10. Why do my bending knees sound like Rice Krispies when I walk down the stairs?
Snap, crackle, pop? Crepitus, the medical term, happens when cartilage, the connective tissue between bones, starts to age, says James Wyrick, M.D., orthopedic surgeon and associate professor at the University of Cincinnati in Ohio. We all start life with quiet, smooth cartilage between our kneecaps and thigh bones, but over time, it becomes gray and old and doesn't regenerate; most people older than age 30 have some mild crepitus. Weak quads or a tight IT band can pull the kneecaps out of alignment and exacerbate the wear and tear.
Your knees pipe up when they bend past 30 degrees because the kneecap tracks into a groove in your femur—that is, cartilage-weak bone grinds into cartilage-weak bone. "The intensity of the pressure and the different contact points in the groove make the noise," says Dicharry.
Running Rx: "Cracking knees may lead to problems down the line, like arthritis," says Dicharry. Minimize that chance by strengthening the muscles that control the hips and knees, and keep your lower half in alignment, such as clamshells for the hip; squats for the knees (runnersworld.com/kneestrength).
More: 10 Quick Fixes to Save Your Knees
11. Why is it easier for me to run in the morning and so hard to rally at the end of the day—or vice versa?
Your natural bird persona—lark or owl—is partly determined by genetics. Housed in the hypothalamus, the portion of the brain that also controls sex drive and appetite, your biological clock is difficult to alter. If your forebears coherently discussed the Middle East situation at 7 a.m., you're likely to feel sharp before the sun comes up, too. If they thought 9 p.m. was the perfect time for dinner, you probably are happy staying up late. "Natural morning people seem to hit their lowest body temperature earlier in the night than evening people do," says Chris Kline, an exercise physiology researcher at the University of South Carolina who specializes in sleep research. "Their body temperature is warmer when they wake up, so they're much more ready to go."
More: How to Fuel for an Evening Race
But even early birds aren't primed to perform at sunrise. "Typically, aerobic capacity is slightly lower in the morning because of a lower core temperature and lower levels of hormones that affect performance," says Matt Fitzgerald, co-author of The Runner's Body: How the Latest Science Can Help You Run Stronger, Longer, and Faster. In the late afternoon, the body is naturally the strongest and most flexible it'll be all day, plus your aerobic capacity is at its highest.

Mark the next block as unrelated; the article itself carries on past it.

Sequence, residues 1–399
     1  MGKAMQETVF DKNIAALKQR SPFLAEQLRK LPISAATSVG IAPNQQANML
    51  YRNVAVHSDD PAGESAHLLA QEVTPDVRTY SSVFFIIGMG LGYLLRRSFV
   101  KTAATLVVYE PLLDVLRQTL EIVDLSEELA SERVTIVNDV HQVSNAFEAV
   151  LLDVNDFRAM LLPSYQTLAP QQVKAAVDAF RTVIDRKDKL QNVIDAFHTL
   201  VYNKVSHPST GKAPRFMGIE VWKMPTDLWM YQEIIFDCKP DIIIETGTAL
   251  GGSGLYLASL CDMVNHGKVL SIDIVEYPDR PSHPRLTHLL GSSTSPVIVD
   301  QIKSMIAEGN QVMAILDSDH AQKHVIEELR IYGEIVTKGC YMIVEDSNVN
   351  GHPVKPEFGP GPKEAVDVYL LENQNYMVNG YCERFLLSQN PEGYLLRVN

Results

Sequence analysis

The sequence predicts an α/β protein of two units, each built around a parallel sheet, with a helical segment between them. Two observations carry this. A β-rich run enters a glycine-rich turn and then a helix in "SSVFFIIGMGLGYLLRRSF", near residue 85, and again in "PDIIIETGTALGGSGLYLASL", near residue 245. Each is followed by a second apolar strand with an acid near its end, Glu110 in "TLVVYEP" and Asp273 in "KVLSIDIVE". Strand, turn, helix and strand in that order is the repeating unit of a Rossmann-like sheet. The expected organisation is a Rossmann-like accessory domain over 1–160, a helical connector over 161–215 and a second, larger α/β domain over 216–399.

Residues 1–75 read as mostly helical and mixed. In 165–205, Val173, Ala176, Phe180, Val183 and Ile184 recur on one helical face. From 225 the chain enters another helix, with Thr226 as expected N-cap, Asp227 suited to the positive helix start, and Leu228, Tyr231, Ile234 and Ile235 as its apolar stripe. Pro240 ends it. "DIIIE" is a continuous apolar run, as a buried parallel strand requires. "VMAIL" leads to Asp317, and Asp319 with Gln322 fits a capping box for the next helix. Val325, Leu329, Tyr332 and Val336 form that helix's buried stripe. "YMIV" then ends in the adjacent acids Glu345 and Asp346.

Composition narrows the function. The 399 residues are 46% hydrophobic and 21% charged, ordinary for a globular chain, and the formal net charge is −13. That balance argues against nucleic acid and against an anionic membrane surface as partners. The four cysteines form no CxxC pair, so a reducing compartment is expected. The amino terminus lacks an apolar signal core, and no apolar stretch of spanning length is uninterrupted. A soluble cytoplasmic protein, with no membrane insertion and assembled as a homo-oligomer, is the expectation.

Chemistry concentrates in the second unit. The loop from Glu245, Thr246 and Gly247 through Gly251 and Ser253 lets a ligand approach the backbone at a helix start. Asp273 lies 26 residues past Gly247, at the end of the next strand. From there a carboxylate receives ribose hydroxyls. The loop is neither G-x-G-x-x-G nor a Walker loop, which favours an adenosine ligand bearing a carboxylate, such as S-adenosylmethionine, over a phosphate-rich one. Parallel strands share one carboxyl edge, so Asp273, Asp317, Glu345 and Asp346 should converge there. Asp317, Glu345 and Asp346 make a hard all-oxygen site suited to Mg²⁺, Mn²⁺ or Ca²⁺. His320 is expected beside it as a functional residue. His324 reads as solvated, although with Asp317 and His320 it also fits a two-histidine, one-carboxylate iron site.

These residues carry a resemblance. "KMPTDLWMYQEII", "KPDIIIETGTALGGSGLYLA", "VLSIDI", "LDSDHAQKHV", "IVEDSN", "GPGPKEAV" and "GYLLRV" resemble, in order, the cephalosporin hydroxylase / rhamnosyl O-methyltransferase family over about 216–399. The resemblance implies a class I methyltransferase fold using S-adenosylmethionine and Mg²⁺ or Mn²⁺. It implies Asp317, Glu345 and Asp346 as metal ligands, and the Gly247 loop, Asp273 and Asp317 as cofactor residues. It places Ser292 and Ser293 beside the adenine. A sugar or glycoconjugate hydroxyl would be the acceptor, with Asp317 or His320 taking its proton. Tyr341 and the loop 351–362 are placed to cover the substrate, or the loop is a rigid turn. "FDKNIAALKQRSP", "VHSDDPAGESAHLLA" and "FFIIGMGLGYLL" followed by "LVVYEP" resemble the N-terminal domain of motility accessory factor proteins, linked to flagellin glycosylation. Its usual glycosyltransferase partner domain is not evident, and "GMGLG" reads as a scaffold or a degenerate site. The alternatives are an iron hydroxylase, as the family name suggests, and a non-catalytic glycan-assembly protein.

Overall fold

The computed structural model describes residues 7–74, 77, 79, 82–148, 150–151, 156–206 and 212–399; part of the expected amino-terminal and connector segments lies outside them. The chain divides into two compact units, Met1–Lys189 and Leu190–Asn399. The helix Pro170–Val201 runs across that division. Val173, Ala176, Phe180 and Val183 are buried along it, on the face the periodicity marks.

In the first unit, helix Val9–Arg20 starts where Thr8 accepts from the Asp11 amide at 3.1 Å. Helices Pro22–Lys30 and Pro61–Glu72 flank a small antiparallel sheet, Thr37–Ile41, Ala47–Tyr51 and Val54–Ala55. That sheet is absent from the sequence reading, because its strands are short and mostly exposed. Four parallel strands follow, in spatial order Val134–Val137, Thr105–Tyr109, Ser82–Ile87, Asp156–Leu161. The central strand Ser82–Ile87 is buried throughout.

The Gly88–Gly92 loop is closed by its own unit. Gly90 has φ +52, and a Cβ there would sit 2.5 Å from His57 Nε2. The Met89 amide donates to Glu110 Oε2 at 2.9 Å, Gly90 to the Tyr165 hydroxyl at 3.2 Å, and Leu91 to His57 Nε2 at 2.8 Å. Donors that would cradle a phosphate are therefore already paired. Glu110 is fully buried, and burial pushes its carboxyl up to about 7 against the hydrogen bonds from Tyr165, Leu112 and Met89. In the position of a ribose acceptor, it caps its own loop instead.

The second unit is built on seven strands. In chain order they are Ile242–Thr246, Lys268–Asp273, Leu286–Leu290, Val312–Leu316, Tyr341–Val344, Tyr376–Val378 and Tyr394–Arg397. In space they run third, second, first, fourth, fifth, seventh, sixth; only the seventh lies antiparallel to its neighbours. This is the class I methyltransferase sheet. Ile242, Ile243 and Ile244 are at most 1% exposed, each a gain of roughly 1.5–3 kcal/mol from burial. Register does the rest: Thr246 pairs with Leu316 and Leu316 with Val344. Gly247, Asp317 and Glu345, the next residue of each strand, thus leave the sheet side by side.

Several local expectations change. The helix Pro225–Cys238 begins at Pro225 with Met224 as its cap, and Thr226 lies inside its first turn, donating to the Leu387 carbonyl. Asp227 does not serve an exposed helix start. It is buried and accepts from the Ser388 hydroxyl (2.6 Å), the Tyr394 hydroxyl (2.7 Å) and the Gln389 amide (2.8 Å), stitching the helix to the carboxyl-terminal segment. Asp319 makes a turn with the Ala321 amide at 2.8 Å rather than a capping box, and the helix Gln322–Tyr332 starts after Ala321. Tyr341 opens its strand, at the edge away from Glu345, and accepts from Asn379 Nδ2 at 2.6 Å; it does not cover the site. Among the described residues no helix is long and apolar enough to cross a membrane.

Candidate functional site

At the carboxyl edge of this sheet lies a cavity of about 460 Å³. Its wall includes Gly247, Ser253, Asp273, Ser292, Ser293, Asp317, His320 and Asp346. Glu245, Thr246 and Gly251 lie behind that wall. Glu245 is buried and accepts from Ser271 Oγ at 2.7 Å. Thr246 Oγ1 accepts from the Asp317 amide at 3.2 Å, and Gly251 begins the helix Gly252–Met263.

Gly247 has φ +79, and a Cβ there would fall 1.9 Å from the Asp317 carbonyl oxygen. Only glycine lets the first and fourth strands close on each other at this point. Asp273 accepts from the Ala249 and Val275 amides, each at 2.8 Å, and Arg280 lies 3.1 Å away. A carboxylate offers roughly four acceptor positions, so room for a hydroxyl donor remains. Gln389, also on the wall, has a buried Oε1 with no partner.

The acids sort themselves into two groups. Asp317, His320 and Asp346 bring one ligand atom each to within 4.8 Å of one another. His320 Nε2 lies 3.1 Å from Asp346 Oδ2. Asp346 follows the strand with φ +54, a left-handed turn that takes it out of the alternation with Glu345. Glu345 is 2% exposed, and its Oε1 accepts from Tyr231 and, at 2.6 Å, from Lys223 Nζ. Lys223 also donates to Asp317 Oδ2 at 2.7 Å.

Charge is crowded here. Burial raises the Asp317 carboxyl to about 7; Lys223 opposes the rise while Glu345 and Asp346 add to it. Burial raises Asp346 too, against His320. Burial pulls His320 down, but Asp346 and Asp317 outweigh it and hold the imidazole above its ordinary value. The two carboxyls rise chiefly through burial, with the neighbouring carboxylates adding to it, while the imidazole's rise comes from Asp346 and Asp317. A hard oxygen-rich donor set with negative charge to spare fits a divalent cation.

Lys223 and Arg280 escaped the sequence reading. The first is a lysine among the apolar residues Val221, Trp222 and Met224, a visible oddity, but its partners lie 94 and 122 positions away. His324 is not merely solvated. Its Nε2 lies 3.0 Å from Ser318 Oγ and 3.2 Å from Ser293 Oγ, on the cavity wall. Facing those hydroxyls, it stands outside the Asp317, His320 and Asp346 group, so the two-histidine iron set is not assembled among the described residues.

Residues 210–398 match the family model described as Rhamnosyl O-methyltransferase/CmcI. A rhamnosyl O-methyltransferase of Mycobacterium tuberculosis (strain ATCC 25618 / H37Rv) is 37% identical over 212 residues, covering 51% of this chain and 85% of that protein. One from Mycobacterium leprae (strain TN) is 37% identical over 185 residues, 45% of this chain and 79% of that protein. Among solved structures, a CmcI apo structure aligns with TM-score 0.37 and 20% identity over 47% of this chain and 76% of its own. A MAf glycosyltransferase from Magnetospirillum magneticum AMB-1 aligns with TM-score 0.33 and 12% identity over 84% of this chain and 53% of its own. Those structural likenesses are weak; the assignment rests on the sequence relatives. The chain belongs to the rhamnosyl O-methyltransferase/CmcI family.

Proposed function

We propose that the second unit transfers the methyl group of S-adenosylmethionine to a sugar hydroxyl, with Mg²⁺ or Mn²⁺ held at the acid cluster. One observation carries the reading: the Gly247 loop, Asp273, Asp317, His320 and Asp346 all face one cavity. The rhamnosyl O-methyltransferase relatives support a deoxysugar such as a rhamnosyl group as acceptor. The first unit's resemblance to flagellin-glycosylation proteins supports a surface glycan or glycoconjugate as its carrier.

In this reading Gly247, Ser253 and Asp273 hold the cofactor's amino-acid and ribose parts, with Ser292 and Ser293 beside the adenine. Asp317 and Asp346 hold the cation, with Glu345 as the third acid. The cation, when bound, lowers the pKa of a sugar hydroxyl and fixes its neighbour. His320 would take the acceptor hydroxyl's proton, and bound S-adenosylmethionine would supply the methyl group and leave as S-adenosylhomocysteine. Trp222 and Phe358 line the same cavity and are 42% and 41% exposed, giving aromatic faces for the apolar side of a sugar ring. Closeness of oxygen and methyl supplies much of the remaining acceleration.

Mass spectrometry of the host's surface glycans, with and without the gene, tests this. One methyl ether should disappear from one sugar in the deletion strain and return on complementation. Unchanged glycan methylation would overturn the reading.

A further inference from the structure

"Emotional moods and motivation have been shown to peak in the late afternoon," says Kline. "Nobody really knows why, but people are typically more willing to push themselves harder in the afternoon."
Double your pleasure: Why running twice a day makes you fit and fast
If you want to hit the track at 6 a.m.—and not hit anybody there over the head with a coffee cup—expose yourself to light, the easiest way to wake up your body, as soon as the alarm goes off. Also, realize that as you age, you naturally become more of a lark. Want to extend your staying power? Exercise either outside, if the sun is still out, or in a bright room two to four hours before bed. "It's tough to fight biological tendency," says Ronald Kramer, M.D., medical director of the Colorado Neurological Institute Sleep Disorders Center in Englewood, Colorado. "The important thing is to exercise, any time of day."
12. Why am I so sore after a marathon, when I've done 22-mile training runs?
Did you do your training runs with crowds yelling at you and competitors around you unconsciously prompting you to run faster? Thought not. Whether you're a 2:30 or a 5:30 marathoner, your race-day pace tends to be at least a smidge—and possibly lots—faster than training days. That's the difference, says Dr. Bright, between being pleasantly and painfully sore. "You accumulate lactic acid in your muscles by pushing the pace, which brings on premature fatigue," says Dr. Bright. "Plus, the extra mileage—very few people do a 26-mile training run—causes more micro tears in your muscles, and it's likely your muscles haven't totally healed from your training. Race day, they get even more beat up." The combination nets marathonitis, an acute condition that demands stairs be taken backward and the size of a stride be cut in half.
Running Rx: A huge fan of ice baths, Dr. Bright recommends the anti-inflammatory plunge, post-race, for at least five to 10 minutes. Don't bother taking NSAIDs like ibuprofen. "The newer studies show they really don't do that much for inflammation," says Dr. Bright. "And they can potentially put your kidneys at risk."
More: A Fresh Take on Recovery Runs